Scotland_the future of the CAP

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  • 1. Corrado Pirzio-Biroli and Franz Fischler RISE Foundation CAP Reform and Public Goods Scotland, 11 May 2010
  • 2.
    • Global Challenges
    • Key Europe 2020 Objectives
    • Future CAP Objectives and Changes
    • CAP Financing
    • The New Paradigm: Production of Public Goods
    Outline 1
  • 3. Nine Global Challenges
    • Population growth
    • Growing demand for crop products (cereals, plant fat, proteins), and feeding stuff
    • Growing demand for energy , including bio-energy
    • Globalization and urbanization : production moves to the most competitive regions.
    • Climate change : agriculture contributes to emissions, but also to carbon sequestration; it suffers or benefits from changing climates
    • Increasing market volatility due to: yield fluctuations, food market segmentation, end stock fluctuations, input and output price volatility
    • Growing public interest in agricultural public
    • Social problems such as aging of farmers, farm successions, competition for land
    • Uncertainties: timing and application of innovations
  • 4. Key Europe 2020 Objectives
    • 3 priorities for sustainable growth and jobs
      • Growth based on knowledge
      • An inclusive high employment society
      • Green growth: a competitive and sustainable economy
    • Agriculture has a substantial role to play to reach the Europe 2020 objectives
  • 5. Future CAP Objectives
    • A sustainable balance of:
    • Food security
      • A comprehensive agriculture and food industry
      • Based on knowledge, innovation and education
      • Efficient
    • Environmental security
      • Production of public goods
      • Protection of the environment and nature
      • Mitigating and adapting to climate change
    • Social security
      • Income levels comparable to average
      • Farm successions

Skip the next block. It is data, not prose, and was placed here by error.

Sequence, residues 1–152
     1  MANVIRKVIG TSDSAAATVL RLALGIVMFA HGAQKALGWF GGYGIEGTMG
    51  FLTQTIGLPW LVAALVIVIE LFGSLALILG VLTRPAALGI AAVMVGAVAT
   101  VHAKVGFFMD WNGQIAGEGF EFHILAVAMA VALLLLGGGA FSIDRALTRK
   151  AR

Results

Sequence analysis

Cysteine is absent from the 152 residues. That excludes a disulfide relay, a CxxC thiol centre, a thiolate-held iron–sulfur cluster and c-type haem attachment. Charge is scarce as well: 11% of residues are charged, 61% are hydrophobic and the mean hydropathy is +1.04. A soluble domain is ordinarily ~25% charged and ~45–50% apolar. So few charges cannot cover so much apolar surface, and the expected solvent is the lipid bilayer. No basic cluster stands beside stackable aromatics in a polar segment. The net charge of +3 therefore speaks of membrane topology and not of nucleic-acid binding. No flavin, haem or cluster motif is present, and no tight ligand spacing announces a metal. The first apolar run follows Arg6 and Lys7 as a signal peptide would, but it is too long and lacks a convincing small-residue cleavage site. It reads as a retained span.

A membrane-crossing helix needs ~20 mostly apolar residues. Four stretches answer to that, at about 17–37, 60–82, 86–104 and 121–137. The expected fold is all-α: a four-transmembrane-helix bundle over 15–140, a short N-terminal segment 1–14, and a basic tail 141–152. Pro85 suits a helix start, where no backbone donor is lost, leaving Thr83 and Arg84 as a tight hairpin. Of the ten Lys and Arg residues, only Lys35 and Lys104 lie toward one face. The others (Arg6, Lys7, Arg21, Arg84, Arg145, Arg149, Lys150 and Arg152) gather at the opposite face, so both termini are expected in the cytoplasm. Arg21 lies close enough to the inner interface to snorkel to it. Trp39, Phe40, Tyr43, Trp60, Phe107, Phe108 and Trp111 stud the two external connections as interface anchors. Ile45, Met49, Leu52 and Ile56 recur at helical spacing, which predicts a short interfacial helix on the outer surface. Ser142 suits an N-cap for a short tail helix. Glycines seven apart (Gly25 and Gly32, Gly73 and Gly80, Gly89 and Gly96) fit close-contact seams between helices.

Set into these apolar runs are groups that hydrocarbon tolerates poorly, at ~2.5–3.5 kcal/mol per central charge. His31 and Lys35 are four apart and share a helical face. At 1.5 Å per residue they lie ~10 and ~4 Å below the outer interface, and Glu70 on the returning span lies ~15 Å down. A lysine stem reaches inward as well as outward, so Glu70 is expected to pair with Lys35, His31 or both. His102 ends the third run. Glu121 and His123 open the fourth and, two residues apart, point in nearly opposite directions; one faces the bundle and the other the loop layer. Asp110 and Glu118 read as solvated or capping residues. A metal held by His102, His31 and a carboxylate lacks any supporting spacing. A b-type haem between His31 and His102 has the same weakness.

• 6. Expected changes in the CAP post 2013
    • Abolition (definite) of set aside
    • Abolition of dairy quotas, and a new European dairy strategy
    • Phasing out of export subsidies
    • Abolition of classic intervention
    • A new safety net against market volatility
    • Total decoupling with redistribution of support
    • Regional and hybrid models of direct payment
    • A stronger rural development policy with more modulation
    • Strengthening of cross-compliance
    • Closer link between level of payments and service provisions
    • Strengthening of Axis 2 and Leader-Type programmes
    • Support of producer organizations and food chain
    • Simplification
    • Reassessment of biofuel policies
    • R&D better targeted on agriculture with availability of risk capital
  • 7. Future Market Instruments
    • Private storage
    • Limited Intervention
    • Export promotion
    • Producer organizations and chains
    • Quality policy and protection of origin
    • Price transparency and price transferability
    • Income safety net
  • 8. Direct Payments Salzburg, May 12 2009 Wien, 12. Mai 2009 Possible development of the 1st pillar 2002 fixed ceiling French and Irish hope Modulation and financial discipline e.g. 20 % German estimate British vision 7
  • 9. Single Farm Payment System 8
  • 10. Single Farm Payment System
    • Regionalized Model
      • National envelopes based on objective criteria
      • Variability kept (arable land, grassland, art. 68, 70)
    • Flat Rate Model
      • Future level of SPS defined by the Community budget